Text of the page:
Pregnancy loss is a stressful event that may prompt a psychological crisis [7,9]. The process of coping with a difficult health-related situation is shaped by a number of factors, one of which is self-efficacy . A literature review does not reveal many reports on the subject in the field of gynecology. It is, however, a highly consequential topic, as an individual’s expectations and beliefs have a significant impact on their actions, as well as on their physical and psychological health [11,13,38].
The patients who had experienced a miscarriage and who participated in our survey had a higher level of generalized self-efficacy than that found in a standardization group for the Polish population, which was moderate (this included women with pregnancy complications, post-menopausal women, diabetic patients, patients on dialysis, and patients with a history of myocardial infarction) . This suggests that the patients studied here were involved in their treatment process and actively coping with their difficult situation. Similar results were found in groups of patients who had had a mastectomy and pregnant women with hyperglycemia [11,22].
Self-efficacy may affect QoL or satisfaction with life. It is also one of the cognitive factors that affect the way individuals manage stress [11,12,13,19].
The available publications suggest that building self-efficacy by strengthening a patient’s sense of control and ability to manage a given life situation may counteract negative emotions or exacerbations of depressive symptoms [39,40,41,42]. An analysis by Nikcevic et al. demonstrated a significant association between more self-efficacy and less anxiety and depression in women who had lost a pregnancy . The present analysis confirms the impact of self-efficacy on all QoL domains in the women studied , and the strongest positive correlation was found for the psychological QoL domain.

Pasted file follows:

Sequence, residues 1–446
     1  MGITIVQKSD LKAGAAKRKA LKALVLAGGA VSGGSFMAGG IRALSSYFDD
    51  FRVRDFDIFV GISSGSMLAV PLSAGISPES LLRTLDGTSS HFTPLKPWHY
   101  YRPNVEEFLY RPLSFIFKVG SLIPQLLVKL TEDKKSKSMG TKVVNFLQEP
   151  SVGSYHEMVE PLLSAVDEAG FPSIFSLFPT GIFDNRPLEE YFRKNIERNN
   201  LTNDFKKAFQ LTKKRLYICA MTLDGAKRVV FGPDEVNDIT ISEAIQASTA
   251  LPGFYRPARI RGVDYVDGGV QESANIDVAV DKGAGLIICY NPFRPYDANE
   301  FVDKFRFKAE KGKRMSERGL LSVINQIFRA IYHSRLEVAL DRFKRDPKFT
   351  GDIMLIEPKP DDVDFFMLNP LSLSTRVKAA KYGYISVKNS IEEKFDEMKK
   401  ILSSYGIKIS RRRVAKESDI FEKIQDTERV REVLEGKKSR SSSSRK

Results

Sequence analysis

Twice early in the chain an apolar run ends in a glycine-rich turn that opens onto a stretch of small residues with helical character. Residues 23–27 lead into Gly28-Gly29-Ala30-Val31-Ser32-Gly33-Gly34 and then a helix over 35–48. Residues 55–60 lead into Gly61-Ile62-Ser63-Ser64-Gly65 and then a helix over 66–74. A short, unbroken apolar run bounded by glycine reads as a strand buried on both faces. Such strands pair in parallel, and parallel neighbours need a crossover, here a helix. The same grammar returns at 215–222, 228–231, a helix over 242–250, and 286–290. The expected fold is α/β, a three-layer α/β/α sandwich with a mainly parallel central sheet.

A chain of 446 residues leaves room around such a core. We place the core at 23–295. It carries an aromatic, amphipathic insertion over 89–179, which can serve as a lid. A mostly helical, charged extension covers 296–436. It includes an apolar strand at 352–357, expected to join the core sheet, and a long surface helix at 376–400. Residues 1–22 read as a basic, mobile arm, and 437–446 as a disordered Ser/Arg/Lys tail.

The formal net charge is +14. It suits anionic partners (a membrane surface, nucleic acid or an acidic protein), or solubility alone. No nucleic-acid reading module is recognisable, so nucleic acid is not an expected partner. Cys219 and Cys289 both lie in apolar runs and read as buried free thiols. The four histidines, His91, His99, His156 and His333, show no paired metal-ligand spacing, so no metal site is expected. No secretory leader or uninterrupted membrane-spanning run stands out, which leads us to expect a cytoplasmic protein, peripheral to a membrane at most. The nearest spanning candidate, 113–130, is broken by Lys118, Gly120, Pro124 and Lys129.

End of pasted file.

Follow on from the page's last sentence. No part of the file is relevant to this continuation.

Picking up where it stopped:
As pregnancy loss may have negative psychological health consequences, it is worth considering strategies to enhance self-efficacy, especially among women found to have lower levels of this resource [5,8,9,10]. The present findings may contribute to a better understanding of care involving not just professional medical interventions, but also the provision of adequate social support. Providing support and improving the self-efficacy of women after pregnancy loss seem extremely important for patients’ psycho-social well-being and QoL, on a level with effective medical management. In practice, these aspects should be included among the priorities of medical personnel’s daily work.
Strengths and limitations of the study
The strengths of our study include the sample size (610 patients) and personal communication with each respondent. As we used standardized instruments, other researchers interested in issues related to pregnancy loss will be able to compare results, continue in-depth research and monitor changes. The available studies on women who have had a miscarriage were typically performed weeks or months after the event. We investigated patients during hospitalization, as this is when the coping process typically begins.
One difficulty was associated with the personal administration of surveys to the respondents, as during their 3–6 days of hospitalization, they also underwent multiple intensive diagnostic and treatment procedures. Therefore, to ensure the highest possible quality and reliability of our study, information on the stage of treatment, duration of hospitalization, and the clinical condition of the patient was obtained from medical personnel before contact with each patient. The study instrument was given to each patient on the last day of her hospitalization, having ascertained that her treatment had been completed and her psycho-physical condition had been stabilized.
One limitation of the present study is the lack of data on the QoL of women with a normal pregnancy course until week 22, against which we could compare the scores found in women after pregnancy loss.
Our study is limited by its cross-sectional design, as it does not allow for identifying any causal relationships between quality of life, social support and self-efficacy in women who have had a miscarriage.